Movie Industry Lags Behind TV in LGBT Roles

GLAAD Faults Hollywood Studios

Media watchdog group GLAAD (Gay and Lesbian Alliance Against Defamation) criticizes Hollywood in its first substantial study of releases from the major film studios. Called “2013 Studio Responsibility Index,” the study found that of 101 films from the six major studios in 2012, only fourteen included characters who were identified as LGB, and none were transgender.
GLAAD spokesman Wilson Cruz found that as opposed to movies, television has become increasingly inclusive , including a record high percentage of LGBT characters in the 2012-2013 broadcast season. Says Cruz, “as a major influence in American culture and one of our nation’s largest media exports abroad, the lack of LGBT characters in big-budget films needs to change. Until LGBT characters are depicted in these films in a substantial way with more regularity, there will remain the appearance of LGBT bias on the studio’s part. Whether it’s an action hero or a supporting character, moviegoers should be able to see LGBT people as integral players in the stories told by leading Hollywood studios.” Although this year’s hit, Skyfall, had a bisexual main character, Javier Bardem, he was portrayed as devious and villainous.

Cruz’s organization plans to meet with the major studios about the absence of LGBT characters. Just two decades ago, there were more films, 48 with significant LGBT characters, that grossed over $1 million dollars at the box office.

Conclusions of the Study

The study also found that:
• 56% of those inclusive films featured gay male characters, 33% featured lesbian characters, and 11% contained bisexual characters.
• Of the 31 different characters counted: 26 were white, four were Black/African-American, and one was Latino. There were no Asian-Pacific Islander or recognizably multi-racial characters counted.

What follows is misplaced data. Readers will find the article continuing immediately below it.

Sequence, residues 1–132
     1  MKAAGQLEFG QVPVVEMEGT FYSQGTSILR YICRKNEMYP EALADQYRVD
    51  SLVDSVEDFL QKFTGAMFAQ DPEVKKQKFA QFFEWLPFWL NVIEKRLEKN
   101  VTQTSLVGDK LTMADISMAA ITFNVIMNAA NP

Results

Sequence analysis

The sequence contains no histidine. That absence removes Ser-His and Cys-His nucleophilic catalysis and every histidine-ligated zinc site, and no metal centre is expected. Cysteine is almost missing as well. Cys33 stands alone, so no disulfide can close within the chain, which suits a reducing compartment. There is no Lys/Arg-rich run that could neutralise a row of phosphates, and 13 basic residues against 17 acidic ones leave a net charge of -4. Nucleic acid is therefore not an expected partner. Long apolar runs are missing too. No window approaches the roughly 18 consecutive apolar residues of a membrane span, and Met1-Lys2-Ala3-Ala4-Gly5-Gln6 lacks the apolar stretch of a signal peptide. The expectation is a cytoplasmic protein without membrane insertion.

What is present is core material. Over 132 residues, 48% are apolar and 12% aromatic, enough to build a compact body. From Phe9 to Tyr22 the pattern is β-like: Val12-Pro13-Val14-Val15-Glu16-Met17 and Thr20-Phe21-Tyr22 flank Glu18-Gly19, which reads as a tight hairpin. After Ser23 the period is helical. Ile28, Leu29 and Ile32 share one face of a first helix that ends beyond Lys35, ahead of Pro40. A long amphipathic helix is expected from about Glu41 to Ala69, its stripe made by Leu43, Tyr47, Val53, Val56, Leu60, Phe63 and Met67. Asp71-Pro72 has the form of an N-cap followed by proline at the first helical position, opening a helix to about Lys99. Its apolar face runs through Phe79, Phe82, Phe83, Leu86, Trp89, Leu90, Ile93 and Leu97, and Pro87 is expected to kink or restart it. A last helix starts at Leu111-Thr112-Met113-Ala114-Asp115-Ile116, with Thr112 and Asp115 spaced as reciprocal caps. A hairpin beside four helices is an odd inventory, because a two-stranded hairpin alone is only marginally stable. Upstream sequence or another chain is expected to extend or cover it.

• There were more LGBT characters in 2012 releases in comedies. 34 genre films (action, sci-fi, fantasy) made up the majority of the 2012 releases, though only three of those included any LGBT characters. Only one of 21 dramas and one of four documentaries were inclusive.

Report Card for the Studios

The criteria to measure the quality of the LGBT roles was whether a character was identifiably LGBT: whether it was not solely or predominantly defined by its sexual orientation or gender identity, and whether it was tied into the plot in such a way that its removal would have significant effect.
Cruz uses the animated family film “ParaNorman” as a good example of an LGBT-inclusive film in 2012.

The six studios were rated by the SRI and their grades are as follows:
• 20th Century Fox and Disney received failing grades.
• Paramount, Sony, Universal and Warner Bros. got “adequate” grades.

Other Tests to Pass

Before the SRI Index, there was the Bechdel Test to ascertain if a movie properly represented female characters. A Bechdel-inspired set of criteria developed into the Russo Test, named for GLAAD co-founder and film historian Vito Russo. Less than half of the films of 2012 passed the Russo Test.

Criteria for Vito Russo Test
• The film contains a character that is identifiably lesbian, gay, bisexual, and/or transgender.
• That character must not be solely or predominantly defined by their sexual orientation or gender identity (i.e. the character is made up of the same sort of unique character traits commonly used to differentiate straight characters).
• The LGBT character must be tied into the plot in such a way that their removal would have a significant effect.
• Only 6 of the 14 studio films featuring LGB characters actually passed the Vito Russo Test, including Cloud Atlas, Pitch Perfect, Rock of Ages and The Five Year Engagement.

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